The Ammophila grasses are widely known as examples of xerophytes, which are plants that can withstand arid conditions such as deserts or sandy beaches. Its xerophytic adaptations (mentioned below) allow it to thrive under conditions most plants could not survive. Despite their occurrence on seacoasts, Ammophila grasses are not particularly tolerant of saline soils; they can tolerate a salinity of about 15 g/l (1.5%), which makes them "moderate halophytes".[4]

Ammophila builds coastal sand dunes and thus stabilizes the sand. For this reason, the plants have been introduced far from their native range. Alfred Wiedemann writes that, starting in the early 19th century, Ammophila arenaria "has been introduced into virtually every British colonial settlement within its latitudinal tolerance range, including southeast and southwest Australia, New Zealand, South Africa, the Falkland Islands, and Norfolk Island. It has been planted widely in Japan and has been reported from Argentina and Chile."[5] Ammophila species were introduced in the late 19th century on the Pacific coast of North America as well, and massive, intentional plantings were continued at least through 1960. In essentially all of the locations where they have been introduced, Ammophila plants are now listed as invasive, and costly efforts are underway to eradicate them.

Species[edit]

Only two species seem incontrovertible: A. arenaria and A. breviligulata. Two other species have been proposed, and are discussed below.

Ecology[edit]

In Europe, Ammophila arenaria has a coastal distribution, and is the dominant species on sand dunes where it is responsible for stabilising and building the foredune by capturing blown sand and binding it together with the warp and weft of its tough, fibrous rhizome system. Marram grass is strongly associated with two coastal plant community types in the British National Vegetation Classification. In community SD6 (Mobile dune) Ammophila is the dominant species. In the semi-fixed dunes (community SD7), where the quantity of blown sand is declining Ammophila becomes less competitive, and other species, notably Festuca rubra (Red Fescue) become prominent.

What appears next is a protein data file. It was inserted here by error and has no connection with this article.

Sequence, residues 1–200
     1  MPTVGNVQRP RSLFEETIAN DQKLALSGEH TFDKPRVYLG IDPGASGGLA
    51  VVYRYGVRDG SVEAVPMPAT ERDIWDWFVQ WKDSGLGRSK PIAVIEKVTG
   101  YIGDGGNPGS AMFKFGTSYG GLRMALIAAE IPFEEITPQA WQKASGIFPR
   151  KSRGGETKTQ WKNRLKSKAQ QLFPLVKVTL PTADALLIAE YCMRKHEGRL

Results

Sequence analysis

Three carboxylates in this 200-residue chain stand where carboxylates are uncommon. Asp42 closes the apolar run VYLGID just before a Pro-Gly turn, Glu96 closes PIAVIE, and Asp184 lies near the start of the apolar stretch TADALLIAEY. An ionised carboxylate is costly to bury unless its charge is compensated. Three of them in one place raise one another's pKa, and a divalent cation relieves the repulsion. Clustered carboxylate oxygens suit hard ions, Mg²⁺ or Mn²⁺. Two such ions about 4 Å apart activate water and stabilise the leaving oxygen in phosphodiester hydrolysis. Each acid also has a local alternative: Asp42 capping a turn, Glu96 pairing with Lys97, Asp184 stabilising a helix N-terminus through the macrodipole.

Uses[edit]

The ability of marram grass to grow on and bind sand makes it a useful plant in the stabilization of coastal dunes and artificial defences on sandy coasts. The usefulness was recognized in the late 18th century.[9][10] On the North Sea coast of Jutland, Denmark, marram grass was traditionally much used for fuel, thatch, cattle fodder (after frost) etc. The use led to sand drift and loss of arable land. Hence, legislation promoting dune stabilization came into force in 1779 and 1792, successively leading to system of state-supported dune planters overlooked by dune bailifs. Marram grass was - and still is - propagated by root and shoot cuttings dug up locally and planted into the naked sand in periods of relatively calm and moist weather.

Newborough women once used marram grass in the manufacture of mats, haystack covers and brushes for whitewashing.

Marram grass has been widely used for thatch in many areas of the British isles close to the sea. The harvesting of marram grass for thatch was so widespread during the 17th century that it had the effect of destabilizing dunes, resulting in the burial of many villages, estates and farms. In 1695 the practice was banned by an Act of the Scottish Parliament:[11]

Considering that many lands, meadowes and pasturages lying on sea coasts have been ruined and overspread in many places in this kingdom by sand driven from adjacent sand hills .... His Majesty does strictly prohibit and discharge the pulling of bent, broom or juniper off the sand hills for hereafter.

Adaptations[edit]